Stain Blocker is General Finishes's revolutionary water-based white primer for interior projects. Stain Blocker can be used to protect pigmented finishes from stain, dye and wood tannin bleed-through. Use over an existing finish, raw wood or MDF as a base coat for light colored General Finishes Milk Paint, Chalk Style Paint and Pigmented Polys.
General Finishes Stain Blocker is designed for effectiveness, not price point. A successful primer requires a sophisticated resin system and an atypical formulation. Use on pieces where you are concerned about bleed-through.
Product colors: White
Base type: Water
Interior or Exterior: Interior only
Type: Stain blocking primer
Coats: 2 coats
Application method: Brush, roll, spray
Usable over existing finishes: Yes
Spray tip sizes: HVLP 1.8mm-2.0mm
Dry time - touch: 1+ hr
Dry time - recoat: 2+ hr
Can sizes: Quart
Coverage: 125-150 sq.ft./quart
Viscosity (cPs): 1500-2000
Weight solids: 35%
VOC: 32.907 g/L
How Do I Prevent Water Based Topcoat or Light Colored Paint from Yellowing?
All bright white paint will yellow slightly with time, with or without topcoat. Water-based topcoats are reactive and more likely to draw out substances in the wood such as tannins or unknown substances in existing finishes causing the topcoat to yellow. This is an industry-wide issue and we have added warning labels regarding the yellowing of topcoats to our bright white paints, Snow White Milk Paint and Chalk White Chalk Style Paint.
General Finishes background was originally on the professional side, and the incidences of yellowing topcoat over white paint were almost nil, and when our sprayable professional finish, Enduro White Poly, is used, there have been no incidences. But as the use of our paints has increased in the up-cycling and furniture refresh markets, we have heard more reports of our topcoat yellowing. Our original response was to teach about prepping, testing your finish schedule and finally creating Stain Blocker, our stain and tannin blocking primer, but this is not enough. Just as we advocate prepping all finishes, we are now advocating NOT using a clear water base topcoat over BRIGHT WHITE paint.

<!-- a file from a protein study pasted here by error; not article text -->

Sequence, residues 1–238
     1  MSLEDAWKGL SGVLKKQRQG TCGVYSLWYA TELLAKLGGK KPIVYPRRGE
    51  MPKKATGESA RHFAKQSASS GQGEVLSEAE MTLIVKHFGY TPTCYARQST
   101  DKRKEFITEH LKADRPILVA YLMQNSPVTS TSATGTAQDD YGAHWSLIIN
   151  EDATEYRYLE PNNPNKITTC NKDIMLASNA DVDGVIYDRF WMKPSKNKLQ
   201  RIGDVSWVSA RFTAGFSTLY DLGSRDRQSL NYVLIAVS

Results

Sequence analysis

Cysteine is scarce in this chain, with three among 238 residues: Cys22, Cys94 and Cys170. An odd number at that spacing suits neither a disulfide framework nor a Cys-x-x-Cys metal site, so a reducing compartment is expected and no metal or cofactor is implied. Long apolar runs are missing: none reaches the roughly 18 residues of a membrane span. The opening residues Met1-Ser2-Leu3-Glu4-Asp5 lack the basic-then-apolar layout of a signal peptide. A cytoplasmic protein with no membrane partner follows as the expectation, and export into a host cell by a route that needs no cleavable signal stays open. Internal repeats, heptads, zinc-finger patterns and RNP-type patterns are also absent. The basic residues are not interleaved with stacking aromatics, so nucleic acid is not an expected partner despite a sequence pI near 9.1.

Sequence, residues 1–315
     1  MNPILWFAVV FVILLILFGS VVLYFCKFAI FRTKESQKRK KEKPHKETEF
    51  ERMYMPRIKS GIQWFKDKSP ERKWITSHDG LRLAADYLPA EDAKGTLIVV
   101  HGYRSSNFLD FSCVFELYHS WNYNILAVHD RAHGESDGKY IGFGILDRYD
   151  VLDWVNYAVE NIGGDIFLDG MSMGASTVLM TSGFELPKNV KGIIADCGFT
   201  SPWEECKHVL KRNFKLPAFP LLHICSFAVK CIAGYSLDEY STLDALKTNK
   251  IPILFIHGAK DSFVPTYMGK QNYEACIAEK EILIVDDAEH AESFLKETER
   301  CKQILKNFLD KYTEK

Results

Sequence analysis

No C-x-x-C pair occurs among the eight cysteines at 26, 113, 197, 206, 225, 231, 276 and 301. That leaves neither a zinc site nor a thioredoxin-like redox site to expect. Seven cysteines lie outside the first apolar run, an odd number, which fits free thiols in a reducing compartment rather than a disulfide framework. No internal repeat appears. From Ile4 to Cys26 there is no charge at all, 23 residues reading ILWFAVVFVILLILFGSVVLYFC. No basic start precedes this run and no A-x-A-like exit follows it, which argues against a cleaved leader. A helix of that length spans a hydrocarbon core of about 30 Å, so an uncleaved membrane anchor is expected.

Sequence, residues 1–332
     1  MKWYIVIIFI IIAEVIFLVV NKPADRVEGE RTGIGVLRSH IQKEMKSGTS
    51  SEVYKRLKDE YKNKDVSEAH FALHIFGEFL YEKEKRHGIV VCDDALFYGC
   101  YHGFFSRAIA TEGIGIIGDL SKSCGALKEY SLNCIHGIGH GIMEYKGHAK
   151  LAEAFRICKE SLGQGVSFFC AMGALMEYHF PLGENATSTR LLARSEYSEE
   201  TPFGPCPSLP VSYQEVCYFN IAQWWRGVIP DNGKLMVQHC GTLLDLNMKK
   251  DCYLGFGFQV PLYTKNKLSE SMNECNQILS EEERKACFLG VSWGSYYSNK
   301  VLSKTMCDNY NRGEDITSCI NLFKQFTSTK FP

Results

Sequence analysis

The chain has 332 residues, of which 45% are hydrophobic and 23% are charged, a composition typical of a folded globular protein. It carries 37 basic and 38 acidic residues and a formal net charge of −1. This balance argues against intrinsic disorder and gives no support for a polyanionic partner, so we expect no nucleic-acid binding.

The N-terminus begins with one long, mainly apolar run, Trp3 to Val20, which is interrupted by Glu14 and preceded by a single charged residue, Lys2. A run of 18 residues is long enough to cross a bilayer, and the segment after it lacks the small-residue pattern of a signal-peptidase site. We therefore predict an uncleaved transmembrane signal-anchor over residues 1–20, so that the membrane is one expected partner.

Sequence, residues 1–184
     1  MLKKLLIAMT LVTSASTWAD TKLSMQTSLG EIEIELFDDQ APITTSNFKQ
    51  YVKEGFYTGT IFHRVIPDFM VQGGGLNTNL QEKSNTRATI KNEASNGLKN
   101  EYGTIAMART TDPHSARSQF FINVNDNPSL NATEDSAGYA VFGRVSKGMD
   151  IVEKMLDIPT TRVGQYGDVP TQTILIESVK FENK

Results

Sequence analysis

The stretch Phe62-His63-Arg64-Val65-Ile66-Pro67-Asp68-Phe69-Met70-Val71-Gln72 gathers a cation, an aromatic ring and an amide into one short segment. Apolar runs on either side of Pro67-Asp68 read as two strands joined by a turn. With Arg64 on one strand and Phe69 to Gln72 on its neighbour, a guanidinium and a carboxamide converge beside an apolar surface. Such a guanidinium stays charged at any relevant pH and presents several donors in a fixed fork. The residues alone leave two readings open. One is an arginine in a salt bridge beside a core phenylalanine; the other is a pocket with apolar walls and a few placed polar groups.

We are listening and General Finishes is in the process of developing a brushable version of our professional Enduro White Poly (available only in gallons), but that will take some time and rigorous testing before we can release the product. Here is what you should know to protect yourself and also some immediate suggestions to decrease chances of yellowing.
There is no way to reliably predict yellowing ahead of time. Sometimes yellowing occurs, sometimes it does not. Every existing finish is different and we rarely know the finishing provenance on an existing piece. Every tree is different and every piece of wood is unique. Wood can bleed tannins immediately after the topcoat dries or months later with a change in temperature that comes with a change in seasons. Oak, pine, mahogany, and Douglass Fur are particularly prone to bleed-through.